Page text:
Neutrophil extracellular traps and their role in the development of chronic inflammation and autoimmunity

Autoimmun Rev. 2015 Jul;14(7):633-40. doi: 10.1016/j.autrev.2015.03.002. Epub 2015 Mar 19.


The pathogenesis of many autoimmune diseases is initially based on a redundant or prolonged activation of the innate immune system. It was suggested that an excessive activation of the innate immunity is often the result of a chronic inflammatory process in the organism. This inflammation can be induced by exogenous and endogenous alarm factors, or alarmins. We believe that the recently discovered neutrophil extracellular traps, or NETs, completely meet the criteria of alarmins. This review summarizes current knowledge concerning the general characteristics of NETs, their antimicrobial properties, and their role in the development of chronic inflammatory processes that underlie the pathogenesis of psoriasis and atherosclerosis. Studies on the NETosis can provide the foundation for developing new diagnostic methods and effective treatment of chronic inflammatory and autoimmune diseases.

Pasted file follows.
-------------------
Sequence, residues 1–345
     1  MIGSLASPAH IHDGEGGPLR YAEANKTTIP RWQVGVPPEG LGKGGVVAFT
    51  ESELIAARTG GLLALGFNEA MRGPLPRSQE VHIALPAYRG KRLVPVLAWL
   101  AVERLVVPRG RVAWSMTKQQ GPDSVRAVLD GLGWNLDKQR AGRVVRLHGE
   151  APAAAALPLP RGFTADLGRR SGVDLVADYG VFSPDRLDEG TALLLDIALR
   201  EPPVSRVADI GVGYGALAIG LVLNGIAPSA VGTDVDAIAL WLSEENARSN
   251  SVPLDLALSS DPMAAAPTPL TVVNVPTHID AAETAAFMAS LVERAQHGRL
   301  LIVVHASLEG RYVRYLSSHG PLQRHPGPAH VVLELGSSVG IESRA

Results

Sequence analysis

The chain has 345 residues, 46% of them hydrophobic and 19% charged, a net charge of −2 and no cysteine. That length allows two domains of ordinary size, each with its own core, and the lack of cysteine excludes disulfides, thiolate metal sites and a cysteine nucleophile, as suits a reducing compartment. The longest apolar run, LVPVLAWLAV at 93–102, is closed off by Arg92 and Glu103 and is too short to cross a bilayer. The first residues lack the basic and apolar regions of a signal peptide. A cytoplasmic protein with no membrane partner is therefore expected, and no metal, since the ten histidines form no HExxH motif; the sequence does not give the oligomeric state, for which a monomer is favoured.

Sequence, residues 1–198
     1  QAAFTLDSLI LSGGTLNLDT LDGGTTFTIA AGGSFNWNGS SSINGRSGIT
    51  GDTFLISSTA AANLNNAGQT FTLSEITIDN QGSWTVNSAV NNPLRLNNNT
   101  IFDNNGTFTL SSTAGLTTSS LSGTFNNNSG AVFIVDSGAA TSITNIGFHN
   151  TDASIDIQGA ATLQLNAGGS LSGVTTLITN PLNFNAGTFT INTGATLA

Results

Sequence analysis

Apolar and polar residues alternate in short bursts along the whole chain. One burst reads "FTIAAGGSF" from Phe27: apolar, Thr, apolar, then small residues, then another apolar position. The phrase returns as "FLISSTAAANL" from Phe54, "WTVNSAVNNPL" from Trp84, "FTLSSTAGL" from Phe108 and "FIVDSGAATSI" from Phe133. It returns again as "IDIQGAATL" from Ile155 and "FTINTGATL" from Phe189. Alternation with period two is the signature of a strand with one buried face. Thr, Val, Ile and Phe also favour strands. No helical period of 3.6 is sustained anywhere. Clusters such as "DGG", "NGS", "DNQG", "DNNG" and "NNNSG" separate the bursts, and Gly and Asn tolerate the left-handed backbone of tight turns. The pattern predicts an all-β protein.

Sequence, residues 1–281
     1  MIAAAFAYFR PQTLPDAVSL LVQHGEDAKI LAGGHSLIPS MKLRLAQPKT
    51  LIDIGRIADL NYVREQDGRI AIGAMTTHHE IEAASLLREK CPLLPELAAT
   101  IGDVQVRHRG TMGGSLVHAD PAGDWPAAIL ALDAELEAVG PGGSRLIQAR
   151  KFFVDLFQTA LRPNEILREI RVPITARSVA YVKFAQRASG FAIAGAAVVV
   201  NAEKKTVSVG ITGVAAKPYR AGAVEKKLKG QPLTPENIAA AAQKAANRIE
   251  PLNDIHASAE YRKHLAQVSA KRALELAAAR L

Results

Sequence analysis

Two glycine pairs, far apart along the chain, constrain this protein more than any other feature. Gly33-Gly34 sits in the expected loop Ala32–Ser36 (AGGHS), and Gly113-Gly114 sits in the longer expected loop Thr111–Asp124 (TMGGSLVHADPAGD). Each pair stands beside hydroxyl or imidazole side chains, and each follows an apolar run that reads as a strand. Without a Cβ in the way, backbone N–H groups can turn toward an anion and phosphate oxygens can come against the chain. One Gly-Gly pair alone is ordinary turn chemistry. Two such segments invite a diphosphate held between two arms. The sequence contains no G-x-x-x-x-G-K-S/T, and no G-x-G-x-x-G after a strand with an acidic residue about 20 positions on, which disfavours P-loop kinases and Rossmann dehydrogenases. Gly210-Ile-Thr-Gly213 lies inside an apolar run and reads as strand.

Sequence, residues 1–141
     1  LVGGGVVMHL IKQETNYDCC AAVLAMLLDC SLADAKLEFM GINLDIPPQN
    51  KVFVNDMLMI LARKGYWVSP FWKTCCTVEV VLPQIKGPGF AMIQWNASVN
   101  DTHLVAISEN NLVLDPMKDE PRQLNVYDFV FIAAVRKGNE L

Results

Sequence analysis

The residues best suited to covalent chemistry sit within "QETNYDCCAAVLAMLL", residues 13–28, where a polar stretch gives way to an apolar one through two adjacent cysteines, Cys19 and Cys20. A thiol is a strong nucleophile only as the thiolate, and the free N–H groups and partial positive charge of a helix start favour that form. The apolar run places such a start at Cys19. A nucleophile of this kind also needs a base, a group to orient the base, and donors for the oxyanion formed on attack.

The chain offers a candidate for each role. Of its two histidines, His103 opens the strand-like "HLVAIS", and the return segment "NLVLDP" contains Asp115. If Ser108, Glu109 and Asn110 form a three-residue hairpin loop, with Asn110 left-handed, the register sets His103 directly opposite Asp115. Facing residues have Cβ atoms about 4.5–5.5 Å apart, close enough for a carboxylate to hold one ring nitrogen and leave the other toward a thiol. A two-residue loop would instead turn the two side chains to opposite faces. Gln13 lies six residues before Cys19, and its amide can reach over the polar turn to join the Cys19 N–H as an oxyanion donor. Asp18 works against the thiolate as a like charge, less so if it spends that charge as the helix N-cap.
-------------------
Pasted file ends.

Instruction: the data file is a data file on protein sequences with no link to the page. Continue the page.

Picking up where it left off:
Keywords: Alarmins; Atherosclerosis; LL-37/DNA complex; NETosis; Neutrophil extracellular traps; Neutrophils; Psoriasis.

Publication types

  • Review

MeSH terms

  • Animals
  • Autoimmunity* / immunology
  • Chronic Disease
  • Extracellular Traps / immunology*
  • Humans
  • Inflammation / immunology
  • Neutrophils / immunology*
  • Psoriasis / immunology